Chapter 1 Defining Marketing for the 21st Century by:
History of marketing thought In the s and 50s, marketing was dominated by the so-called classical schools of thought which were highly descriptive and relied heavily on case study approaches with only occasional use of interview methods.
At the end of the s, two important reports criticised marketing for its lack of methodological rigor, especially the failure to adopt mathematically-oriented behavioural science research methods. From the s, marketing began to shift is reliance away from economics and towards other disciplines, notably the behavioural sciences, including sociology, anthropology and clinical psychology.
This resulted in a new emphasis on the customer as a unit of analysis.
As a result, new substantive knowledge was added to the marketing discipline - including such ideas as opinion leadership, reference groups and brand loyalty.
Market segmentationespecially demographic segmentation based on socioeconomic status SES index and household life-cycle, also became fashionable. With the addition of consumer behaviour, the marketing discipline exhibited increasing scientific sophistication with respect to theory development and testing procedures.
By the s, marketing began to adopt techniques used by motivation researchers including depth interviews, projective techniques, thematic apperception tests and a range of qualitative and quantitative research methods.
Consumer behaviour is concerned with: As a field of study, consumer behaviour is an applied social science. Consumer behaviour analysis is the "use of behaviour principles, usually gained experimentally, to interpret human economic consumption.
Understanding purchasing and consumption behaviour is a key challenge for marketers. Consumer behaviour, in its broadest sense, is concerned with understanding both how purchase decisions are made and how products or services are consumed or experienced.
Consumers are active decision-makers. They decide what to purchase, often based on their disposable income or budget. They may change their preferences related to their budget and a range of other factors. Some purchase decisions involve long, detailed processes that include extensive information search to select between competing alternatives.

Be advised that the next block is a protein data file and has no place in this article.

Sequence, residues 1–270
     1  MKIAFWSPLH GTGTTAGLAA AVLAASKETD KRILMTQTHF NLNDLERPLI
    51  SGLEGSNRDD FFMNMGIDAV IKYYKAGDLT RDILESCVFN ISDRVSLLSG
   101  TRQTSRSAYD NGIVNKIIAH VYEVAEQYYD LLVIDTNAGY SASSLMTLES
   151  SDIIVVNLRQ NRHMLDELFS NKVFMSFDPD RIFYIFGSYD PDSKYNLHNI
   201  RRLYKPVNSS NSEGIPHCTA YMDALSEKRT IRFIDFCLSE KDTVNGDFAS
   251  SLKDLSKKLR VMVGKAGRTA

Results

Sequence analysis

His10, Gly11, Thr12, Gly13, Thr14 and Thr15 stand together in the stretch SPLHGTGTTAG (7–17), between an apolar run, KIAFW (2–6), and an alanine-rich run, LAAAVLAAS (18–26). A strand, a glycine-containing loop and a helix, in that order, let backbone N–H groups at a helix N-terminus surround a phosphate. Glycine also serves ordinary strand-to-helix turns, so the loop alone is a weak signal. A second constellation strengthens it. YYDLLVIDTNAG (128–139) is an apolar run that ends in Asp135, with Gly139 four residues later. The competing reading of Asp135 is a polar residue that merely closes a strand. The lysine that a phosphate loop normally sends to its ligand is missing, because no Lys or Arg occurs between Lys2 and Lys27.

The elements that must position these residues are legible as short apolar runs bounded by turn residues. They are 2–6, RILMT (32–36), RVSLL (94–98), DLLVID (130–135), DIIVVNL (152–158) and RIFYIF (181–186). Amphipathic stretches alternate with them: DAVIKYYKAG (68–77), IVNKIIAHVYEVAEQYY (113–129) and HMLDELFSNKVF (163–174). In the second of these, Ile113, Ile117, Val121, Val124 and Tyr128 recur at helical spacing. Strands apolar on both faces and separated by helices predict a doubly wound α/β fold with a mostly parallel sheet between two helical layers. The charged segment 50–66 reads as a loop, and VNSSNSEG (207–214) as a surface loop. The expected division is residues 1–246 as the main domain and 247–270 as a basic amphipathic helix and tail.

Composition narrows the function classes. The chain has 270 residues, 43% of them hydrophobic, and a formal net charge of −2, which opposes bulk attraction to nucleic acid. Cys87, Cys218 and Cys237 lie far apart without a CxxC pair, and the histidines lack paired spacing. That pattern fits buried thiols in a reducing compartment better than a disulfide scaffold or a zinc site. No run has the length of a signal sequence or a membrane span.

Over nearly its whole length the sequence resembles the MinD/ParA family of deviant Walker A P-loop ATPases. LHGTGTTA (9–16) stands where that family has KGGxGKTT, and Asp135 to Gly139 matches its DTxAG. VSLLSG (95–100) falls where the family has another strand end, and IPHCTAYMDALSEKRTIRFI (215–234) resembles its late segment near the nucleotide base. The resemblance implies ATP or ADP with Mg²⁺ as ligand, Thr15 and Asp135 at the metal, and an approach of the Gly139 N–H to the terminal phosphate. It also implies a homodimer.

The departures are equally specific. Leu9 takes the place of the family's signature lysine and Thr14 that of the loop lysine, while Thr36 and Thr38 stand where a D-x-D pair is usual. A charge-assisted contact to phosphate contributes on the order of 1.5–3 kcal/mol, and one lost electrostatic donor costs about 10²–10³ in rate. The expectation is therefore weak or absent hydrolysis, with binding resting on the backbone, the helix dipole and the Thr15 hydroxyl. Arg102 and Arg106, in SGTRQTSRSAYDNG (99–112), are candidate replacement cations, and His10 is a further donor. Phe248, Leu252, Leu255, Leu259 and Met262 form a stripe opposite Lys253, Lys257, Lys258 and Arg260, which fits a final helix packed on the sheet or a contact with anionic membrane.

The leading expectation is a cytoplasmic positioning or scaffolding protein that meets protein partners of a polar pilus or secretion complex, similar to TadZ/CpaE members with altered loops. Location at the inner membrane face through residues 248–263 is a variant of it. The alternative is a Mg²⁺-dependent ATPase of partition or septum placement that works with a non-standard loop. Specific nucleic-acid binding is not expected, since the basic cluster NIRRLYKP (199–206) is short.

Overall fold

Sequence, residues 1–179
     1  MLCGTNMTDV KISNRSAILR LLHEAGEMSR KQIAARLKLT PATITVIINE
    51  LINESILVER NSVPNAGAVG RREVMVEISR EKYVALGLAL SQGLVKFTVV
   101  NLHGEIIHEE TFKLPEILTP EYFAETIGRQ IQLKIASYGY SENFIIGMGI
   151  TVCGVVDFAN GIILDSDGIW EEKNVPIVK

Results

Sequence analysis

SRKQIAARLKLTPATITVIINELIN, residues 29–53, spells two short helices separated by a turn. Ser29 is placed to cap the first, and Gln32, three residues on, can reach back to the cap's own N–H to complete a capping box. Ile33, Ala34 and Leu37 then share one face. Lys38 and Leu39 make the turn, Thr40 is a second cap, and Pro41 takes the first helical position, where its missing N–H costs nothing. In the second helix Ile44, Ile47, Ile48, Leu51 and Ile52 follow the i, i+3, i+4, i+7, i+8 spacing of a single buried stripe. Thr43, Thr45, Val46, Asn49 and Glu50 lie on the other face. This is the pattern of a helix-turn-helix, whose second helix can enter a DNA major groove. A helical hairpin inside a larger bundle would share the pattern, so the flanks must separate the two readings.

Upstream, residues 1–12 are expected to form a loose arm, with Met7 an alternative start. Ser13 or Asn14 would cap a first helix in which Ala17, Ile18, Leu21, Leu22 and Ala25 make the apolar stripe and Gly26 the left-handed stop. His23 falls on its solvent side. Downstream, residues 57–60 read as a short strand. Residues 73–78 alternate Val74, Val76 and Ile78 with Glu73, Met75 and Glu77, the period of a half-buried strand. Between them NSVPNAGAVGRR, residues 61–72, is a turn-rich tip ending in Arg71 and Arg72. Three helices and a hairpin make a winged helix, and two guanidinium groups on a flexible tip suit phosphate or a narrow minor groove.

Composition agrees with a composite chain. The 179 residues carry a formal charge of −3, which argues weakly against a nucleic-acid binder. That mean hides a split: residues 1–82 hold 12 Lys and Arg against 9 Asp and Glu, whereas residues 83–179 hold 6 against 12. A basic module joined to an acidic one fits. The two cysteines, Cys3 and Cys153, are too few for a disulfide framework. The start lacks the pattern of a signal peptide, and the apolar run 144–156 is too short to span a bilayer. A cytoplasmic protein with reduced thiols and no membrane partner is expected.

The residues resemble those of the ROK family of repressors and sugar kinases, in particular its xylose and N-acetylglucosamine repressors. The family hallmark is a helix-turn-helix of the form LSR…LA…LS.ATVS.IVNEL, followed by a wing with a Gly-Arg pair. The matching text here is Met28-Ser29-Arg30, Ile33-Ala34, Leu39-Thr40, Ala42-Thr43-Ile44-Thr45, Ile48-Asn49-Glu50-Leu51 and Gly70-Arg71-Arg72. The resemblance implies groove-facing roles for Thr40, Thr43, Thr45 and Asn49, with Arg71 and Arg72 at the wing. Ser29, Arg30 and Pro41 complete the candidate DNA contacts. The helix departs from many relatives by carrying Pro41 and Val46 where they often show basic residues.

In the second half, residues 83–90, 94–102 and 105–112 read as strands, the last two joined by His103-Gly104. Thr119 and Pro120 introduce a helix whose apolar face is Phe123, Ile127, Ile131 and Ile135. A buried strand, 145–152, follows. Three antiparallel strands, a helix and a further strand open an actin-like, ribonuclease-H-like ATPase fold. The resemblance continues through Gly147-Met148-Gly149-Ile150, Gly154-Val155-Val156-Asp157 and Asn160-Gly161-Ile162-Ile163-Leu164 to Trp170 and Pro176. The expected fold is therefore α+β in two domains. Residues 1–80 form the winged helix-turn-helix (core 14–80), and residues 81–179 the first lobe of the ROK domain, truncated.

Some purchase decisions are made by groups such as families, households or businesses while others are made by individuals.
When a purchase decision is made by a small group, such as a household, different members of the group may become involved at different stages of the decision process and may perform different roles.
For example, one person may suggest the purchase category, another may search for product-related information while yet another may physically go to the store, buy the product and transport it home. It is customary to think about the types of decision roles; such as: In a family unit, the adult female often makes brand choices on behalf of the entire household, while children can be important influencers The Initiator the person who proposes a brand or product for consideration something in return ; The Influencer someone who recommends a given brand; The Decider the person who makes the ultimate purchase decision; The Purchaser the one who orders or physically buys it; The User the person who uses or consumes the product.Consumers are likely to choose brands with personalities that contrast their own.
True a b False Many marketers use the self-concept premise that people's possessions contribute Documents Similar To 06 Kotler. Understanding Consumer and Business Buyer Behavior. Uploaded by. What is the difference between marketing and branding?
In a recent conversation with a very senior person at a financial institution my colleague was told, “I think private wealth managers will have a hard time seeing the value of branding—they see marketing as a cost center, not a driver of sales.” Hold it.
Published: Mon, 5 Dec Most of the different and various marketing definitions available in the literature tend to put customer into focus: “Marketing is the delivery of customer satisfaction as a profit” (Kotler et al, ); “Marketing is the management process for identifying, anticipating and satisfying customer requirements profitability” (Charter et al, ).
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There are brands which even change their focus, as they want to reinforce the consumers over and over again, with a differential stimulus and the difference in these two approaches serve to go beyond what is called Just Noticeable Difference (jnd). Auto Suggestions are available once you type at least 3 letters.
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